This has the potential of being a bit of a three-peat for me. The BFYA is a re-branding of the former BBYA. Now YALSA has a separate category, rightly enough, for nonfiction books for Young Adults.
Ghost Medicine, my first novel, was named a BBYA ("Best Books for Young Adults") in 2009. The following year, In the Path of Falling Objects, my second novel, earned a BBYA for 2010. Now, The Marbury Lens is up for the new BFYA designation for 2011.
Three-peat or no, it's an honor to be on the list, to have been nominated by somebody out there, and to be in the company of such great books and fellow authors. Thank you, ALA and YALSA.
You can see the final nomination list for the 2011 BFYA here.
Monday, November 15, 2010
Here we are, halfway through NaNoWriMo.
Are you at the 25K mark?
Personally, I am really looking forward to my pending National Not-Writing Month. But I don't know when that will be happening.
I had hoped to already be at the 25,000 words-not-written mark, but people and things kept getting in the way of two projects I am finishing (and have been finishing for a few weeks now). So, leave me alone. I need to quit.
Sunday, November 14, 2010
I made it home.
I need to say thank you to all the people at Mrs. Nelson's for hosting my first The Marbury Lens book signing. It was a great night, with lots of really cool questions from the audience (I'm just wondering... would you ever kill anyone?).
After a traumatic near-miss on getting to San Francisco after a broken-down plane, a flight cancellation, and no available seats anywhere, I finally did end up making it (however late), but in time to enjoy a most enjoyable dinner with my editor Liz and Lewis Buzbee before going off to the reading and signing event at A Great Good Place for Books.
Also thanks to author Yvonne Prinz for throwing a quite incredible The Marbury Lens party at her home. She has probably the coolest friends on the planet -- great food, music, and conversation.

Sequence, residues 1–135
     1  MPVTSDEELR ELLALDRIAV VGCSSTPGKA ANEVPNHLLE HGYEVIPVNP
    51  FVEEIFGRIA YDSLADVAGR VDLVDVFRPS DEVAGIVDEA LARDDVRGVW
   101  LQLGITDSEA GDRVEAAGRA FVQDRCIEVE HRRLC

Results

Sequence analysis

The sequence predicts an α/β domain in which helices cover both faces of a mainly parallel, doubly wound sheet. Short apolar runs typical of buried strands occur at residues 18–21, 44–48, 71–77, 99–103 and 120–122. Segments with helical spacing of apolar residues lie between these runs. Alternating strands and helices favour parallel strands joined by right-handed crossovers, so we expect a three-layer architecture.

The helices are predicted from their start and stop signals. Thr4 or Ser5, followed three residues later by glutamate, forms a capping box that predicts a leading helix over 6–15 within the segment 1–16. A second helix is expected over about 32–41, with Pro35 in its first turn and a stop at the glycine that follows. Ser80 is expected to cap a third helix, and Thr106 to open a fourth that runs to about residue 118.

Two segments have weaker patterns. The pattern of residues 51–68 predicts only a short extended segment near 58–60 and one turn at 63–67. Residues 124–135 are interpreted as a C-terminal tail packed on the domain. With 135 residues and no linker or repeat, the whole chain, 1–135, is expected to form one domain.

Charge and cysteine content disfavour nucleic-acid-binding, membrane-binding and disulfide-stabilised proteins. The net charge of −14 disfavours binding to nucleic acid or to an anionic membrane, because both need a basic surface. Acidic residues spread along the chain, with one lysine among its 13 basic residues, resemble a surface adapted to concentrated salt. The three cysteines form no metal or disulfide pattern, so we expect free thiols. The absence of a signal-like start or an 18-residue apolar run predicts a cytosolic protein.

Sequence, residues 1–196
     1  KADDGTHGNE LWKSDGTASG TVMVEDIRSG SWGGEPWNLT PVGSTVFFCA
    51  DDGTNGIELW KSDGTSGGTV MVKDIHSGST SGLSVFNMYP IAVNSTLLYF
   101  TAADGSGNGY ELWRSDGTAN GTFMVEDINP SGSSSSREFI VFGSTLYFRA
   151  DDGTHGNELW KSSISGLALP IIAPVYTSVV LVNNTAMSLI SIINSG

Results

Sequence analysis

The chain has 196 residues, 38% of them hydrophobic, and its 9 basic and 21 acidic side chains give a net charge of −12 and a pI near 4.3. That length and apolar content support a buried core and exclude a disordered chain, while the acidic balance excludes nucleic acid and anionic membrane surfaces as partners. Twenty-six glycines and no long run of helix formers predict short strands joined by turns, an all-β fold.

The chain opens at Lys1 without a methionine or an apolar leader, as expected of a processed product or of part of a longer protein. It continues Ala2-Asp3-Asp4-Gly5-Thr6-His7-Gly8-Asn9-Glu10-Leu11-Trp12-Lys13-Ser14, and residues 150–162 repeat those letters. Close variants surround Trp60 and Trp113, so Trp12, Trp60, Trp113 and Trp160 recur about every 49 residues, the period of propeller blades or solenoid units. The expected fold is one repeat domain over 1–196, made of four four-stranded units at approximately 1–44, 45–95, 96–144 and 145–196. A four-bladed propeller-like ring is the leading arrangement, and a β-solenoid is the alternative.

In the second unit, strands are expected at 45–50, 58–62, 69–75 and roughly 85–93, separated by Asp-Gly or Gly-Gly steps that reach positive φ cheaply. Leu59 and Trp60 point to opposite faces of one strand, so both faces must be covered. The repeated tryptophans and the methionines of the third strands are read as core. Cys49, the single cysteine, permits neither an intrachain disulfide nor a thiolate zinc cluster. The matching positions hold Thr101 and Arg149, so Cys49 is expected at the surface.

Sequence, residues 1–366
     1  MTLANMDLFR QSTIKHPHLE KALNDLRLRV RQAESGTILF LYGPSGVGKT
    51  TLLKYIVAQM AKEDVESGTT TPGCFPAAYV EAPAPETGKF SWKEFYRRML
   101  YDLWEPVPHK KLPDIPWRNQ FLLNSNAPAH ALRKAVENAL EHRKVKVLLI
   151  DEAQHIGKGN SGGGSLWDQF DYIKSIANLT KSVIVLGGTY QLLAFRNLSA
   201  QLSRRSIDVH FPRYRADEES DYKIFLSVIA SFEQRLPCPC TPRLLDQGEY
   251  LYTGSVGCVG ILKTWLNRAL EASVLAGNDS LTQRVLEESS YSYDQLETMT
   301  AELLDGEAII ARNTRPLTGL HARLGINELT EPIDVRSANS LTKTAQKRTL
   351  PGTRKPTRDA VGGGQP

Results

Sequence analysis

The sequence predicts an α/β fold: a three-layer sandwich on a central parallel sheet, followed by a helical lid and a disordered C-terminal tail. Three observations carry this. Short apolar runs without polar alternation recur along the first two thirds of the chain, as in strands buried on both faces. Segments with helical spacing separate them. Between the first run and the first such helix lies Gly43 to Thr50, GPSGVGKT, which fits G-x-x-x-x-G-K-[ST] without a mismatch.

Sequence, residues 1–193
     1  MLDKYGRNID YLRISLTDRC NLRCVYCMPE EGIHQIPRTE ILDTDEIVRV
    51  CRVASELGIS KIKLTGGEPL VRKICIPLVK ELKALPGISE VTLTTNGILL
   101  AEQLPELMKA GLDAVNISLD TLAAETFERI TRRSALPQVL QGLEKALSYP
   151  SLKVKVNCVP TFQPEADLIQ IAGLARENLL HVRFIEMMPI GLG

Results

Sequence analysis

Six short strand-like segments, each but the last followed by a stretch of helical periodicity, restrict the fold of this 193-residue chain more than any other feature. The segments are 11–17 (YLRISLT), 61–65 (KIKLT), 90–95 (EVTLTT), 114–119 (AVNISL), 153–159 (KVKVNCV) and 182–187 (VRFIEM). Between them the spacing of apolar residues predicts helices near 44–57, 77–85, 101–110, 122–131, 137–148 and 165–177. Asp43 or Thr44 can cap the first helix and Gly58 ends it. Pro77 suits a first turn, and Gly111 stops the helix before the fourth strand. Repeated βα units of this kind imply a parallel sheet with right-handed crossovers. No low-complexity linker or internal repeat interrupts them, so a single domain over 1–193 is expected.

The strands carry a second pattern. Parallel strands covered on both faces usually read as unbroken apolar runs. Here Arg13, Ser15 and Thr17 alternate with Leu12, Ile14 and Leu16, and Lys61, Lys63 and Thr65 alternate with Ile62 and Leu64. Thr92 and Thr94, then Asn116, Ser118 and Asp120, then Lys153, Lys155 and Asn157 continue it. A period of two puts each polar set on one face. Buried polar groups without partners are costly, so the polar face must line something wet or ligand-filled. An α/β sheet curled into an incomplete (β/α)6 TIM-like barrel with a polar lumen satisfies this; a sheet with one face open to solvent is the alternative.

Friday, November 12, 2010
First of all, let me apologize in advance for not being here for the next couple days.
I am flying to San Francisco today.
Hopefully, I'll be landing there, too.
But I am bringing almost nothing at all with me -- living like a homeless man.
No laptop, no nothing. So you know what's going to happen if my house burns down.
Everything is gone, and tomorrow will be like being born again.
Tonight, I am going to be reading and talking about The Marbury Lens and stuff at A Great Good Place for Books in Oakland, California, at 7 PM. I am so looking forward to seeing my good friend Lewis Buzbee, who will also be reading from his fabulous new book, The Haunting of Charles Dickens.
If that weren't enough to make me absolutely... whimsical...or something, my amazing editor Liz will be there, along with my agent, the incomparable Laura Rennert. And I'm also going to be hanging with my very good friend and co-corruptor of youth, Yvonne Prinz and my Bay Area homies Josh H. and Gail W.
A most promising weekend lies ahead...
Thursday, November 11, 2010
I'll be honest. I didn't think anyone would get it.
Apparently, I bet wrong. In the last few weeks, The Marbury Lens has received starred reviews in Booklist and Publishers Weekly. Then, on Monday, it was named to Publishers Weekly's Best Books of 2010 Issue (Something I am still reeling over). I'm already getting email from readers, and the book just came out Tuesday.
And then, yesterday, Jennifer Brown wrote one of the most careful and specific reviews of the book I've seen -- in the industry publication Shelf Awareness.